A gaming mouse for those of us on a budget
Keeps It 100: Great sensor; solid build; budget price, big mouse feet.
99 Problems: Flimsy scroll wheel.
As much as we love exorbitantly expensive products that make our eyes bleed from sheer awesomeness, sometimes the best things lie at the opposite end of the price spectrum. This couldn’t be more true for the gaming peripherals scene. As companies compete to deliver the best value to buyers, there’s an increase in people’s accessibility to gaming, and that helps diversify the audience. As one of the biggest peripheral makers, SteelSeries is looking to impress said audience with its Rival 100 gaming mouse.
The Rival 100 comes in a fairly compact form factor. Measuring 4.75 inches tall and 2.65 inches wide, it fits in the palm easily, yet still leaves enough room for you to completely lift your fingers off the mousepad. For this reason, it caters to all three grip styles (palm, claw, and fingertip) very well. Featuring an ambidextrous design, the Rival 100 does not discriminate between hand preferences.
As mentioned above, the Rival 100 offers plenty of resting space for your palm. Combined with the rounded spine, it’s a very comfortable mouse. Its grippy soft touch finish combats sweaty palms while you battle your enemies, and the pair of textured plastic grips on its sides keeps the mouse firmly in your hands when snapping from side to side.
To complement its compact form, the Rival 100 is a featherweight by gaming mouse standards at just over four ounces. Its lightness helps making quick movements easier and puts less strain on your wrist. The trade-off is that heavier mice provide more stability, so this mouse is for those with disciplined wrist control.
SteelSeries Engine is a favorite of ours in driver software suites. Its clean, intuitive interface and powerful set of features separates it from the competition. It also contains drivers for all of SteelSeries’s products to ensure new products work the first time you plug in after your initial installation.
A few customization options are available for the Rival 100 through SteelSeries Engine. For starters, all the buttons are programmable. Another neat feature is the option to set customized macros. And finally, there are the options to adjust CPI settings, lighting, angle snapping, and acceleration settings.
Although it has an ambidextrous shape, the Rival 100 only has side buttons installed on the left, meaning that lefties will probably find them hard to access. They’re positioned slightly above the side grips to prevent your fingers from hitting them accidentally. The buttons have a solid feel and give a satisfying click. The original Rival has SteelSeries’s proprietary switches that need way too much weight to actuate, making them more difficult to spam. We’re glad to see that the Rival 100 uses more traditional, lighter switches. Our only gripe is that the scroll wheel feels a little flimsy, but that’s a trade-off we’re willing to live with, considering the budget price point.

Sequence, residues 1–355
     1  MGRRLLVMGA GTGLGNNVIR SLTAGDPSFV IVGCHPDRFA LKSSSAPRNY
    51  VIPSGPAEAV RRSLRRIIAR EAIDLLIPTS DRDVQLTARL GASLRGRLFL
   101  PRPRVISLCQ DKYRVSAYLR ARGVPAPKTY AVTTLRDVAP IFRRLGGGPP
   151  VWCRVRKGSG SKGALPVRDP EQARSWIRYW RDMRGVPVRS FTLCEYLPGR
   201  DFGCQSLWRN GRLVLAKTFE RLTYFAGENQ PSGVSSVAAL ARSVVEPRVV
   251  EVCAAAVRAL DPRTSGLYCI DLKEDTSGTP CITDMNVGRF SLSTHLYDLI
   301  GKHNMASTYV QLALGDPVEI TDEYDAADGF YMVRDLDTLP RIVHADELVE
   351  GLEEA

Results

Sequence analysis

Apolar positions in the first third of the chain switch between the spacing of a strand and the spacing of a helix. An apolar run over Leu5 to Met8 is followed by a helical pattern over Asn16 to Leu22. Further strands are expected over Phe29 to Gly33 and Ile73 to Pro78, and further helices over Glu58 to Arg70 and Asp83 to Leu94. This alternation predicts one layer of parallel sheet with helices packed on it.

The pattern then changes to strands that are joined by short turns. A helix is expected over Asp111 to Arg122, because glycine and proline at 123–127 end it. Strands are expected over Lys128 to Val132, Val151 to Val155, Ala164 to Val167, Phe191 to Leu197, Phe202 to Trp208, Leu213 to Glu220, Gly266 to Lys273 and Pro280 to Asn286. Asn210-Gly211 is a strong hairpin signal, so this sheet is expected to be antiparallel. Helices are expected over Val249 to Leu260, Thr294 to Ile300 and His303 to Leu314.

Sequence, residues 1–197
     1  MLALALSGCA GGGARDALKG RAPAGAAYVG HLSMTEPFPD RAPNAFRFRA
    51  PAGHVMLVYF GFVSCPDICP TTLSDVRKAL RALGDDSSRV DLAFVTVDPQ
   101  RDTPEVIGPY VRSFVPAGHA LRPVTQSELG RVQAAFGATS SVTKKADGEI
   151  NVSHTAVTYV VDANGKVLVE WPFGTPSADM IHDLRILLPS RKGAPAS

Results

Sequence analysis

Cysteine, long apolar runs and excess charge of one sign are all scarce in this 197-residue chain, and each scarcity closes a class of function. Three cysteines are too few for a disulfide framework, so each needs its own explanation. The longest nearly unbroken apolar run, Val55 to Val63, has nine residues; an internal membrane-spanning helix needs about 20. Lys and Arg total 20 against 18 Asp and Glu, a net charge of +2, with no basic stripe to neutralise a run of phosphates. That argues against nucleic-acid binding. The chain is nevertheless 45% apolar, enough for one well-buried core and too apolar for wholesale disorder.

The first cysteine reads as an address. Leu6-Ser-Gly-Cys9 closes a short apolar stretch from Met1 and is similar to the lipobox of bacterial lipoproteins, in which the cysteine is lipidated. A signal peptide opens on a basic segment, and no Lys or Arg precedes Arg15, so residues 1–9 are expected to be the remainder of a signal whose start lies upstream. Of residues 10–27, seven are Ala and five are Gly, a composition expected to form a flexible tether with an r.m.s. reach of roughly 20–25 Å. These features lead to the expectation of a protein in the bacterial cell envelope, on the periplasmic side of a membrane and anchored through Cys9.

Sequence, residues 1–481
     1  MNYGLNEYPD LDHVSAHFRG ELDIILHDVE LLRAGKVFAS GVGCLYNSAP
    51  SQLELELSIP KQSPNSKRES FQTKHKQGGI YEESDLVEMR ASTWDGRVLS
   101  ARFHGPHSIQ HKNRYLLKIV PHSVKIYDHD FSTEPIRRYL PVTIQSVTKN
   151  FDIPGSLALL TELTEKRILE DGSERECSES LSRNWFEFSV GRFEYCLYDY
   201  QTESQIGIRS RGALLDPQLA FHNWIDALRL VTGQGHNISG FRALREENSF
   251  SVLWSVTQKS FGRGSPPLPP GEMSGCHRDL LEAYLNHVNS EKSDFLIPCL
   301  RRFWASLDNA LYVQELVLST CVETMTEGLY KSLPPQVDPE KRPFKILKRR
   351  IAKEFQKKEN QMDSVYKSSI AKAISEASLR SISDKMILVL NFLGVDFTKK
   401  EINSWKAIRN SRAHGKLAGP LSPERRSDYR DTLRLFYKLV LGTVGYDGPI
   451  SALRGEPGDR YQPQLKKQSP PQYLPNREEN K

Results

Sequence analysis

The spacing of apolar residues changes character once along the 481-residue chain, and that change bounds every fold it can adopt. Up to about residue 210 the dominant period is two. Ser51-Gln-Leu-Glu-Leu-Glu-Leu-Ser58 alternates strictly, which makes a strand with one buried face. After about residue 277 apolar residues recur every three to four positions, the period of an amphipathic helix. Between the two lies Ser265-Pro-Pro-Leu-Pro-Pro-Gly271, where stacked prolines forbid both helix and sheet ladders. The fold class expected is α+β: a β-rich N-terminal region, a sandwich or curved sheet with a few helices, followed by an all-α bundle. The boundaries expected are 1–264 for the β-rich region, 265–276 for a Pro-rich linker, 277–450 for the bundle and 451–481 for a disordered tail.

Lighting has become an expected feature for today’s gaming mice. The SteelSeries Rival 100 comes with customizable lighting under its scroll wheel and rear logo.The SteelSeries Engine software lets you choose from a theoretical 16.8 million colors, though admittedly the granularity is hard to see. While they do nothing to help your game, they do add some style points to your desktop.
Despite being a budget mouse, the SteelSeries Rival 100 feels exceptionally sturdy. You won’t find any squeaky plastic or rough edges on this little rodent. One thing many companies do to reduce cost is to skimp on the mouse feet; this is not the case with the Rival 100. The three Teflon feet are fairly wide and smooth. With the exception of the scroll wheel, the entire unit is well-polished and definitely looks and feels like more than entry-level gaming gear. That said, please refrain from dealing it repeated, heavy blows. Mice have feelings, too.
In addition to comfort and durability, the final determining factor in purchasing a gaming mouse lies in the performance of the sensor. In this department, the Rival 100 carries SteelSeries’s own SDNS-3059-SS optical sensor—and, wow, does it perform great. Although it's capped at 2,000 CPI, you can crank it up to 4,000 by using the digitally simulated CPI through SteelSeries Engine. We don’t recommend this, however, as it introduces noticeable jitter. But when it’s within its limits, the sensor is rock solid. And let’s be honest here: Most gamers can live without an 8,000 CPI sensor.
So, should you sink a bit of cash into this mouse and add it to your gaming gear? The SteelSeries Rival 100 can be had for just $40. For the price, you get a solid sensor and great build quality all packed into a compact, comfortable package. If you blew your money in Vegas and are looking to vent that sadness in PC gaming, then the SteelSeries Rival 100 is an excellent companion for your hand. Hell, it’s an attractive option even if you are rolling in the dough.